Improving Water Accessibility
Improving water availability is a key reason for doing Holistic Management around the world. This is particularly true in semiarid regions where water access is often scarce. As soils are restored, water tables are replenished, rivers will run longer, and surface pools will stay longer into the dry season.
None of the villages that I visited in Africa are doing Holistic Management because of their concern for climate change. They are doing it, in part, because as the land gets better (ie. more grass cover), they not only have more forage for animals, but they also have more plentiful wells and streams. This is a matter of life and death. There are no faucets. Water either comes from a well, or a river, or, unfortunately, an aid organization.
"Enhancing water and food security"
The Africa Center in Holistic Management (ACHM) in Zimbabwe, where I visited in 2011, is being funded, in part, from USAID, specifically to "enhance water and food security and restore degraded watersheds in Southern Africa."
[Restoration on the Dimbanbombe River, Zimbabwe. Year-round surface pools are 1.5 km upstream from their previous high water point in the dry season. After nine years of improving the land, they now have year-round pools, where they never had, and no longer need to run the pumps for the wells. The improved grass cover in the catchment area has helped replenish the water table.]
Below is a video of the training manager discussing that after nine years of improving the land, they now have year-round pools, where they never had, and no longer need to run the pumps for the wells. Thus, they have increased water availability, while eliminating the need for pumps, all while increasing herd size and density, but through an entirely novel approach to livestock management. This is the beauty of this simple and graceful technique that simultaneously addresses desertification, climate change, food production, and drought tolerance.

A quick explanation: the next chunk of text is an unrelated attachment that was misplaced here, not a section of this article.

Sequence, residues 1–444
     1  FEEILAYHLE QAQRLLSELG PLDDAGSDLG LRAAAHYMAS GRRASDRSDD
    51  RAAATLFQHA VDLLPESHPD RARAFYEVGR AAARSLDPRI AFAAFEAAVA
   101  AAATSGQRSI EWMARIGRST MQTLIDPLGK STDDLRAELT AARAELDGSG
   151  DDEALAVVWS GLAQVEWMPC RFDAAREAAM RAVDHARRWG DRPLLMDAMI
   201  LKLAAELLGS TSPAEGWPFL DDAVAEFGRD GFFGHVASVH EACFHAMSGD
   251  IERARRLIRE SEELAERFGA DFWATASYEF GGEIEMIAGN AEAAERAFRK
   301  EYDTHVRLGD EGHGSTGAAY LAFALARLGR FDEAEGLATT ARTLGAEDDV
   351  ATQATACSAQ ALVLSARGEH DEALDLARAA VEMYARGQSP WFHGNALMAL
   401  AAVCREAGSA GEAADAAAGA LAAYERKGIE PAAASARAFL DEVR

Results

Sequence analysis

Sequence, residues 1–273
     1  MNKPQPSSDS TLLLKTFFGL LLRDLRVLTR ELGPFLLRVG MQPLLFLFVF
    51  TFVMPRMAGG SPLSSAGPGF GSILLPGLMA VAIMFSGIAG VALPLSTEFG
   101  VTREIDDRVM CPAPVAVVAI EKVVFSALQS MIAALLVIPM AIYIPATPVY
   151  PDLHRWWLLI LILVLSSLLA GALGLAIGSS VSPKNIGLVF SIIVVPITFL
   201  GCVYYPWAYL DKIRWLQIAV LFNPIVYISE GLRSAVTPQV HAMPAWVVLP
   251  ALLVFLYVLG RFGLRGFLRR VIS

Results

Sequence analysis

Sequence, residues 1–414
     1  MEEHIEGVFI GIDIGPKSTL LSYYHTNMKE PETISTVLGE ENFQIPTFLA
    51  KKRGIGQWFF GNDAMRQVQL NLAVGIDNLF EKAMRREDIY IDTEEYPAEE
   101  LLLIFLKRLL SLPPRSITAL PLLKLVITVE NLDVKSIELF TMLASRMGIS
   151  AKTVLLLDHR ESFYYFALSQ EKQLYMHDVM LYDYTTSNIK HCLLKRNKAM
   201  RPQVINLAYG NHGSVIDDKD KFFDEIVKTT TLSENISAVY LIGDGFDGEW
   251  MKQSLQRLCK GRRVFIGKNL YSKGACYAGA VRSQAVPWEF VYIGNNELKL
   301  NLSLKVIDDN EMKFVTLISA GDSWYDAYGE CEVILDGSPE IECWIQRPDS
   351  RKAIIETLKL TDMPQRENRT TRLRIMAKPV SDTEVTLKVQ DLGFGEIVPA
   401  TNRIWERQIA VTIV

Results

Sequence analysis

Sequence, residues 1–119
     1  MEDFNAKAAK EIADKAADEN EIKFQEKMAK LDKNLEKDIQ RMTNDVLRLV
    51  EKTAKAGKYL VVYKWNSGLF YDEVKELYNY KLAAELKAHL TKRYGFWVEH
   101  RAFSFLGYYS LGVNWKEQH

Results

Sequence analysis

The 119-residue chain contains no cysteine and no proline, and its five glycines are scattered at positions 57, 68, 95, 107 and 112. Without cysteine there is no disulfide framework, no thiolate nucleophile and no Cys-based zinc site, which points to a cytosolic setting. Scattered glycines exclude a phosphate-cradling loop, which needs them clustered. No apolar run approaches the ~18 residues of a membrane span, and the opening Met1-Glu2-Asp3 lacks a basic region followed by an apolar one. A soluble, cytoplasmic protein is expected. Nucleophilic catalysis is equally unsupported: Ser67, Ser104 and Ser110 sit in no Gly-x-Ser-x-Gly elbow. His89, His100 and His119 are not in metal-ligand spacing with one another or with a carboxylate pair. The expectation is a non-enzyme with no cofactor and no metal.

"The change actually started in 2009. That's when we actually saw some pools in different places. Then (in) 2010, it was flowing almost continuously. And this year, it's expanding sideways."
- Elias Ncube, Training Manager, ACHM
[Elias Ncube, Training Manager at ACHM, discussing the appearance of the new year-round surface pools, now getting wider and deeper. The pumps are no longer needed.]
[Cattle are now watering 1.5 km upstream from the previous dry season high water point. The pumps have been turned off because they are no longer needed. Through proper use of livestock, they have improved the land to the point where there is more water available to supply more livestock, while using less energy for pumps. Photo Credit: Seth Itzkan]
The basic hydrology of this restoration is simple. Any gardener knows that to keep soil moist it must be covered. We do this on our small plots with mulch, and in larger farms with cover crops, or increasingly with non-till farming. The problem is, how do you provide cover over vast areas of non-agricultural rangeland that is undergoing desertification? This is where the innovation of using livestock comes in.